Doing one thing a day that scares you.

Interview with Alisée de Tonnac.

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Interview by: Pricilla Weixler Edited by: Valeria Pinto
Reading Time: 8 Min. Date: 21.02.2019

Alisée de Tonnac, co-founder and partner of Seedstars, deliberately chose to step out of her comfort zone. Now she is part of creating a multi-faceted company that seeks to enrich people’s lives by nourishing entrepreneurship and technology in emerging markets. Her vita is literally outstanding! Speaking to her gave us an insight into her personal opinion on gender equality and leadership as well as on her perception of work ethic. Modest and very straightforward, she speaks about commitment, being a mother and the importance of her team members. Overcoming her fears and becoming comfortable with the uncomfortable has had -and still has- true impact on her professional and personal development. Alisée de Tonnac constantly seeks to inspire as well as to be inspired by others. Get yourself a whiff of that inspiration and take a look at her interview!

Q: Would you introduce yourself and tell us about your current projects?
A: My name is Alisée and I am one of the co-founders of Seedstars. Seedstars has the objective to have a large impact in emerging markets and if possible to support entrepreneurs in building companies in different regions around the world.

Q: Where is your main target region at the moment?
A: Emerging markets – that’s our niche.

Q: Where did you see yourself in the future when you were in school and later while studying?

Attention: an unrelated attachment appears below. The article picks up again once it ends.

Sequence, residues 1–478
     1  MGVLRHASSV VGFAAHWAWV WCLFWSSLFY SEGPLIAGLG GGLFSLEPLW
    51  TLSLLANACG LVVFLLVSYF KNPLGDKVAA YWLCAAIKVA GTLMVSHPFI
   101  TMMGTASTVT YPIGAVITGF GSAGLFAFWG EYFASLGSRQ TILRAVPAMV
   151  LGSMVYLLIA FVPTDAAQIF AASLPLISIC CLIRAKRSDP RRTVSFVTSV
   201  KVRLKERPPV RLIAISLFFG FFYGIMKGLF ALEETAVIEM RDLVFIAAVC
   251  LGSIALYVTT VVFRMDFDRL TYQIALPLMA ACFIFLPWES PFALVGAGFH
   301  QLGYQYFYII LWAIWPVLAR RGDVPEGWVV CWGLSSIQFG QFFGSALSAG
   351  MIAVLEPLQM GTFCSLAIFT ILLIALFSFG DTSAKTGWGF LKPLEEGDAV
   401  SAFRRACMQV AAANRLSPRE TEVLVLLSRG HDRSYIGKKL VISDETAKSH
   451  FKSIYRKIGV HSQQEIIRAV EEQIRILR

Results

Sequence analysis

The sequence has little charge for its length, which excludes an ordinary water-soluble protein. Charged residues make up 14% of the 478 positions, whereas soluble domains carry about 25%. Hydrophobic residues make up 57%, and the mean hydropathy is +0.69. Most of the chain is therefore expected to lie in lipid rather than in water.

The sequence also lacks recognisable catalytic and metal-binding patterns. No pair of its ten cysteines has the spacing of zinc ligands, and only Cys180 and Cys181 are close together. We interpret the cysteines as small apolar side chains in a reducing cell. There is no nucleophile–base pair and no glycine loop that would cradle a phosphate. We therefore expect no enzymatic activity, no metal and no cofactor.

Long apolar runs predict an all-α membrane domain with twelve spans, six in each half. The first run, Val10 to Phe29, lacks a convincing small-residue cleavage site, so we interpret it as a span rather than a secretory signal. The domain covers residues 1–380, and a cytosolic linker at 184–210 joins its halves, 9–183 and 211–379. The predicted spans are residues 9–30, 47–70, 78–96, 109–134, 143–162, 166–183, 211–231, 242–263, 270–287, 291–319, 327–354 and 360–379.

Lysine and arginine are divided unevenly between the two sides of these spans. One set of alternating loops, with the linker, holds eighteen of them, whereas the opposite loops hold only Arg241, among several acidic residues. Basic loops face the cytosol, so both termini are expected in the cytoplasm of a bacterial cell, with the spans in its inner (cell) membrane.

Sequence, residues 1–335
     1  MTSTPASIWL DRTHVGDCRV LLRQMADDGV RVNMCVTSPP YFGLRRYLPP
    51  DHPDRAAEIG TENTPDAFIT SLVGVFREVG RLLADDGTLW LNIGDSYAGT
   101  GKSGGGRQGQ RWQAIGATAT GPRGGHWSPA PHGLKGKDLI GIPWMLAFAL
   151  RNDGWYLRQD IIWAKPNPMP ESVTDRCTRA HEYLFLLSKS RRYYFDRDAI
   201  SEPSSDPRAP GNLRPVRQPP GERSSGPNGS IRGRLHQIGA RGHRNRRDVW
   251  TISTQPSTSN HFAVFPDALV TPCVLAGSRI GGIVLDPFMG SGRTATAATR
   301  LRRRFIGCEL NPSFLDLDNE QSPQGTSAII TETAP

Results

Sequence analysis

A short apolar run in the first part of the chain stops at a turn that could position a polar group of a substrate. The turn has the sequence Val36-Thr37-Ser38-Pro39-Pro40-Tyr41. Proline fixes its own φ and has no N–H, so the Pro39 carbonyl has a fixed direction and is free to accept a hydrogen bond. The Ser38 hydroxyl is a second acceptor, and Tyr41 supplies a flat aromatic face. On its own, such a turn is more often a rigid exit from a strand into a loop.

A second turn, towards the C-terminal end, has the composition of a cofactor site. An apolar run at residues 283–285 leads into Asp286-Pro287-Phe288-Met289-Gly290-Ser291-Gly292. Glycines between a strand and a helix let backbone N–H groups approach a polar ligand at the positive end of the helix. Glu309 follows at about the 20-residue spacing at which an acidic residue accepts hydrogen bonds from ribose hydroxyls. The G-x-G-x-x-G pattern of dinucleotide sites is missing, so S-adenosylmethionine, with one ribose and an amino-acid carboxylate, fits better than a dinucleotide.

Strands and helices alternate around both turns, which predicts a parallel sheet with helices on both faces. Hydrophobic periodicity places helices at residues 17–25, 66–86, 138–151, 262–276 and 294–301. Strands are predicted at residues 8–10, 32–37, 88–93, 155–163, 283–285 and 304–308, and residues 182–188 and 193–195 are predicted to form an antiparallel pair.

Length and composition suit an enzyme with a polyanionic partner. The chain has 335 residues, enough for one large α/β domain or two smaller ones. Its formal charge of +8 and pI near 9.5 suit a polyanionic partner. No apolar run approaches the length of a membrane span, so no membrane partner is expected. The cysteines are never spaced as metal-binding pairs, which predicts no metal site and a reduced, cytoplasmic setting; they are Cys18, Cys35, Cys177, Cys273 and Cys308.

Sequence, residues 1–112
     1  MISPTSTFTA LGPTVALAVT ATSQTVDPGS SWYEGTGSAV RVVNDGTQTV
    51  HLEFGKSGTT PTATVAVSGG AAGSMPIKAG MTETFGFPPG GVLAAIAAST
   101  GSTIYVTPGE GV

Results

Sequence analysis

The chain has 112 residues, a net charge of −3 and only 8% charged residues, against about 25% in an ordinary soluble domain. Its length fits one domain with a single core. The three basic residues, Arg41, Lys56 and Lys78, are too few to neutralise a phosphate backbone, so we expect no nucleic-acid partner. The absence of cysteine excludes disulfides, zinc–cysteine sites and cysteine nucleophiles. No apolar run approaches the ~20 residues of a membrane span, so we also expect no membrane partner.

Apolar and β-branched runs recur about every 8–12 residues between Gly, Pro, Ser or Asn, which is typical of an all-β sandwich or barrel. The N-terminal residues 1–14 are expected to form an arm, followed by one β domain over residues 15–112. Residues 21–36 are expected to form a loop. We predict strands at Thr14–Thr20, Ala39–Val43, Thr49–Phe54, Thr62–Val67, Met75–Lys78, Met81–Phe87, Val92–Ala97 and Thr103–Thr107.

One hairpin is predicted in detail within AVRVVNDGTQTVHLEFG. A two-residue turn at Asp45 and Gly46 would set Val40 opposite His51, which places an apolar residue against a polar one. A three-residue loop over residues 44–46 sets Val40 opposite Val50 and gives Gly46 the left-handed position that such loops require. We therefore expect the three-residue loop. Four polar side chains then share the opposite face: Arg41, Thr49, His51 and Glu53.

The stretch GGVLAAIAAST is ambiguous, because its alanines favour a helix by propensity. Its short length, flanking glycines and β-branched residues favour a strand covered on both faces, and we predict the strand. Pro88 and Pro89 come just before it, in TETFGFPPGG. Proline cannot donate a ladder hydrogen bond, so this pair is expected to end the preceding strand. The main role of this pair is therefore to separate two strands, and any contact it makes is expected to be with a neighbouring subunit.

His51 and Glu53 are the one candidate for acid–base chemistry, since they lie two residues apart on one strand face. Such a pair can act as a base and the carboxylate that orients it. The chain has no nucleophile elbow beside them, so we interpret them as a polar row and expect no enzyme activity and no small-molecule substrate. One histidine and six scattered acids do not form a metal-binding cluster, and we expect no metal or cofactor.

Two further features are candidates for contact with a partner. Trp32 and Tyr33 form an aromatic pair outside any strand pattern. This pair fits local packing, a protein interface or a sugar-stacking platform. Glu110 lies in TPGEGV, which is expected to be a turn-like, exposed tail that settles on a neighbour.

A: Unfortunately, I never had a very strong passion or vision of where I wanted to be at that age. I was more focused on having the right school grades and getting into the good schools and then, I continued trying to get good grades in order to get a good CV, in order to jump into what was trendy at that time.

Q: Was that still your focus when you started studying or did it change?
A: I kept my focus very large because I didn’t know what I wanted to do. Thus, I did a Bachelor’s degree in economics and then a Master’s in international management.

I was really shocked with myself about how little I was scaring myself


Q: At some point, you decided to switch where your career was going. Could you explain why that was?
A: Well, it has been a little bit romanced with that one specific anecdote. Truth is, there were many other stories around it, too – and of course – moments of doubt. I think it did come down to when I came across a quote of Eleanor Roosevelt which states: “Do one thing every day that scares you”. I was really shocked with myself about how little I was scaring myself in the sense of putting myself out there and getting uncomfortable with new initiatives and new adventures. Therefore, from there on, I made it a principle that I had to scare myself every day. In that specific month I was very fortunate to meet one of my co-founders and the rest is history.

Q: Where did you meet him?
A: In Switzerland, actually. My co-founders are Swiss and we had already known each other through university and our personal network.

Q: Once you stepped out of the corporate structures and decided to found ‘Seedstars’ with your team, what was the reaction of your friends and family like?